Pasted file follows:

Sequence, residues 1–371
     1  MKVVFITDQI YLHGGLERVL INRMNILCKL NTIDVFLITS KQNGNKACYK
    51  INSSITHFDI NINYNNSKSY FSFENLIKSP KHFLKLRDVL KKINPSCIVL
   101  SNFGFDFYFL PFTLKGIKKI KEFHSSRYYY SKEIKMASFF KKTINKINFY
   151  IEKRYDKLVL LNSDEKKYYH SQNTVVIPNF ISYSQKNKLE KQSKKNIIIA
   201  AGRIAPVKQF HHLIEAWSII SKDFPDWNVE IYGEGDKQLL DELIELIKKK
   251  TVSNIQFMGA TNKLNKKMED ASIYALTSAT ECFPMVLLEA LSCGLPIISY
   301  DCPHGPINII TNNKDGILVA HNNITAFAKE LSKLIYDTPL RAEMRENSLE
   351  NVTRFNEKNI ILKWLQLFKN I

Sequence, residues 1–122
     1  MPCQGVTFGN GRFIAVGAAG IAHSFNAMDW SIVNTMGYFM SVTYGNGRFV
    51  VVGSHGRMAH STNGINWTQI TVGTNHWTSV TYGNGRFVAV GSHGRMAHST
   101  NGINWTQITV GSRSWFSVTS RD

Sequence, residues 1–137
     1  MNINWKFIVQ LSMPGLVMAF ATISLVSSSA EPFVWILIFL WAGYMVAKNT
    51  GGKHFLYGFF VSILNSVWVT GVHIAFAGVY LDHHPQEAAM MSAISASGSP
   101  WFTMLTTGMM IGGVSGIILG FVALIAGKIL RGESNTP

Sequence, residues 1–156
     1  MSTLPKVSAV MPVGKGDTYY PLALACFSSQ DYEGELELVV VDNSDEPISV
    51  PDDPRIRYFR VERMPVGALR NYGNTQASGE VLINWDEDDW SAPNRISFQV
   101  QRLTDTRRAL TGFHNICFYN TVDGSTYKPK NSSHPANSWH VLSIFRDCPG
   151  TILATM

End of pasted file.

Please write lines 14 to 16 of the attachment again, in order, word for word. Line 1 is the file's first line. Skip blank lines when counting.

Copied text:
Sequence, residues 1–137
     1  MNINWKFIVQ LSMPGLVMAF ATISLVSSSA EPFVWILIFL WAGYMVAKNT
    51  GGKHFLYGFF VSILNSVWVT GVHIAFAGVY LDHHPQEAAM MSAISASGSP